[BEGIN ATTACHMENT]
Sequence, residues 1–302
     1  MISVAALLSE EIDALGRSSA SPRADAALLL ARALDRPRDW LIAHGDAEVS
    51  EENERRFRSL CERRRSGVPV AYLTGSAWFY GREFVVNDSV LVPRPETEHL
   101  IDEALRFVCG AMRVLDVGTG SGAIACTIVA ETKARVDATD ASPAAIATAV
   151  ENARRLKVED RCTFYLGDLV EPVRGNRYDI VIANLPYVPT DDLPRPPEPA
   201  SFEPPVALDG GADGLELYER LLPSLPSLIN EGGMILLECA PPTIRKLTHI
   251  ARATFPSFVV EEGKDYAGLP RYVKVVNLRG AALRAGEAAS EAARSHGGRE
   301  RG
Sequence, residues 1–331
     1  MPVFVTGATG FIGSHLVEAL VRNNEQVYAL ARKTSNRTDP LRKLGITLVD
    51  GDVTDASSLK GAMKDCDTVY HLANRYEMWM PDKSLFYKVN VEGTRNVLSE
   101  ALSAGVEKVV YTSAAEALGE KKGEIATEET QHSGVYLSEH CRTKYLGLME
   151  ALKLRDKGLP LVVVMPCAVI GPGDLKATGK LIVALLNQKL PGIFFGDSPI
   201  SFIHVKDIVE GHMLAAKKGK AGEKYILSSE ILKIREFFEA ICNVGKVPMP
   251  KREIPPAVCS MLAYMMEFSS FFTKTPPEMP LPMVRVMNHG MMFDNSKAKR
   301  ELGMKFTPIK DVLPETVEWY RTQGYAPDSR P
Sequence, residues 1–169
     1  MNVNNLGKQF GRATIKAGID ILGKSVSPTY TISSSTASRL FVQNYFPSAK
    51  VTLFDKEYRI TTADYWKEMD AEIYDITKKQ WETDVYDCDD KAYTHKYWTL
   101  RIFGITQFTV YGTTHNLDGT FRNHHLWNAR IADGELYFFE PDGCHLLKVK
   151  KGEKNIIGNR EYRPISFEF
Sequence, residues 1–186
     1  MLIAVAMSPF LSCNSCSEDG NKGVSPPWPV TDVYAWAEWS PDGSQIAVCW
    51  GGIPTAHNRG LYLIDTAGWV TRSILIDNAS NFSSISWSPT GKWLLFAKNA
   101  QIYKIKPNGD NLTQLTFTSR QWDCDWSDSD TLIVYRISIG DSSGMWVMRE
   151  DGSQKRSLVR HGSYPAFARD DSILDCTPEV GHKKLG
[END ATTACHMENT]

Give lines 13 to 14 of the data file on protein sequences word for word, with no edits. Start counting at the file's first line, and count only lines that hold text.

   151  ALKLRDKGLP LVVVMPCAVI GPGDLKATGK LIVALLNQKL PGIFFGDSPI
   201  SFIHVKDIVE GHMLAAKKGK AGEKYILSSE ILKIREFFEA ICNVGKVPMP